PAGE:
Maasai lions: Two charged with Kenya poisoning

Petition – Protect Endangered Lions from Poisoning” – Enforce Laws to Protect Lions

Poisoning of the Marsh Pride lions in Masai Mara, Kenya,” LionAid, 11 December 2015

“If the Mara wants to continue to exist as a primary wildlife tourism destination in the future much change and better land use planning is required. Otherwise we will end up once again with another wildlife reserve doomed…..”

Jonathan & Angela Scott, “The Marsh Pride: The Future?” 9 December 2015

“…..the Musiara Marsh area that gave the pride its name has become a ‘no go area’ for a proper pride….”

Kenya Wildlife Service/David Sheldick Wildlife Trust Mobile Vet Unit Comes to Aid of Poisoned Lions in the Mara,” 7 December 2015

BBC Reporting, 7 December 2015

BBC Video Report, 9 December 2015 

Two Maasai herdsmen have been charged after allegedly poisoning a famous pride of lions in Narok, south-west Kenya, a wildlife official said.

 

Why has this been done? Presumably because humans are encroaching into lion habitat for agricultural needs (and their herds entering lion territory). What incentives can be made to stop the Maasai from edging the African lion even closer to extinction?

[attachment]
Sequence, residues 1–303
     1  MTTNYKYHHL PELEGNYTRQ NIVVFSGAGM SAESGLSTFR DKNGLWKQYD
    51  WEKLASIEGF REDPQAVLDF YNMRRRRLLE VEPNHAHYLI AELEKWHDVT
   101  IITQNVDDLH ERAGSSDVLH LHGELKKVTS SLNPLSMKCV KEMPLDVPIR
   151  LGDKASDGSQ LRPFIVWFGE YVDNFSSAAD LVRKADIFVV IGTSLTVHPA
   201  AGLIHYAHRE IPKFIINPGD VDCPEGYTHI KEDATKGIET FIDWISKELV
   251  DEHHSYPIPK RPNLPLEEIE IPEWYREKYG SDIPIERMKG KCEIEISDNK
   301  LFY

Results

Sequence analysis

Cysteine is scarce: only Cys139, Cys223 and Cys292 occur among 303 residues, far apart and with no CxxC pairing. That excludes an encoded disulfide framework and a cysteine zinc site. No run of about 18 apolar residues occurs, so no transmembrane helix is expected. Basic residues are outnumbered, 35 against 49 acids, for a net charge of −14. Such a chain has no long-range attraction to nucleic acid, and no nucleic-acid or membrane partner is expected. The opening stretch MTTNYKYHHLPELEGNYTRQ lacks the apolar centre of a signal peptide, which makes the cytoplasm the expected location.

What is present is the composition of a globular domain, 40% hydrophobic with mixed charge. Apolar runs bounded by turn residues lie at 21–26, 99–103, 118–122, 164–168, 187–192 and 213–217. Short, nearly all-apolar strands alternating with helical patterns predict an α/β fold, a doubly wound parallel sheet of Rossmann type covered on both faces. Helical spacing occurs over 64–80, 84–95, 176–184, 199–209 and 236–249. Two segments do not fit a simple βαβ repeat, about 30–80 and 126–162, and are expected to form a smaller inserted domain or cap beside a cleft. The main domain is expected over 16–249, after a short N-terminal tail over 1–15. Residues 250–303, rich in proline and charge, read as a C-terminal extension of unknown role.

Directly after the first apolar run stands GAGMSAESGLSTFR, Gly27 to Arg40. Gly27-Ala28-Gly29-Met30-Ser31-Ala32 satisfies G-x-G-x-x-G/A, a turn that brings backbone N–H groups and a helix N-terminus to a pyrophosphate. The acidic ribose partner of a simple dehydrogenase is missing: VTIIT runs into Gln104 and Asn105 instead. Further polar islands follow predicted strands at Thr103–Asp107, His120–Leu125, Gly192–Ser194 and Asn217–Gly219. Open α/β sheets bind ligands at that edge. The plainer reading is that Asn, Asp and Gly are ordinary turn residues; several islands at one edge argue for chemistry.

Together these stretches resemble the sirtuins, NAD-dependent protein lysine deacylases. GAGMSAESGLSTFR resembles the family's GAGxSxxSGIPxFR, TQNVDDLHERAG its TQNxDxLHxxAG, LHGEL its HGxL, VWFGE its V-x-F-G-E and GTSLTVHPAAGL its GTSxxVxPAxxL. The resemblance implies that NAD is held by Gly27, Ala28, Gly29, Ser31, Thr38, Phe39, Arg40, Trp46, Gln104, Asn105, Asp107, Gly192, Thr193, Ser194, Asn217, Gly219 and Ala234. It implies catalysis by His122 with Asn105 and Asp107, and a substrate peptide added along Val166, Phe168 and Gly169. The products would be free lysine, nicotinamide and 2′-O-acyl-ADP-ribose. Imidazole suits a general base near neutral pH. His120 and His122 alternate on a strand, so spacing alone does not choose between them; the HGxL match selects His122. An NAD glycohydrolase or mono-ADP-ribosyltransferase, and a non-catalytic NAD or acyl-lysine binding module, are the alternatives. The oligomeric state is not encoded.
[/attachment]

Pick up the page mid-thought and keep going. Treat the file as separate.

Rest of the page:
3 thoughts on “Maasai lions: Two charged with Kenya poisoning

  1. kimemiamaina says:

    Strictly speaking isn’t all human civilization ultimately ‘encroaching on wildlife habitats?’

    My understanding is that as a game reserve, rather than a full on national park, there is supposed to be some leeway for limited human economic activities in Maasai Mara Game Reserve, but a failure on the part of the government and locals to work out acceptable and sustainable mechanisms to manage what human activities can or cannot take place in the area is the real root of the episodes such as herdsmen poisoning lions to protect their herds.

    Liked by 2 people

    1. internationalwildlifebond1 says:

      Agreed. There are presumably resources within the park boundaries (such as access to water bores/holes) that the herdsman need for their cattle – but the more herds are taken into habitat that contains lions, or the more lions are pushed out of their natural habitat towards human habitats/herds, the more likely it becomes that this type of ‘conflict’ will occur.

      The answers must be in sharing resources, or more spending on exclusive water supplies (etc.) for herdsman’s needs, plus safe fenced enclosures (with ‘lion lights’ to deter interest) for the protection of herds at night (when lion attacks become more prevalent I understand), plus financial compensation for lost cattle when an attack does occur. None of that should be too expensive, or hard to organise (in theory) compared with the loss of precious lions from a dwindling wild population.

      The question is, why is it not happening more widely from the inflow of funds from tourism etc.? Some charities and efforts are working in this direction, this ‘problem’ must be solvable from the Maasai herdsman’s perspective, as well as for the protection of lions, a sustainable solution is possible surely?

      Liked by 1 person

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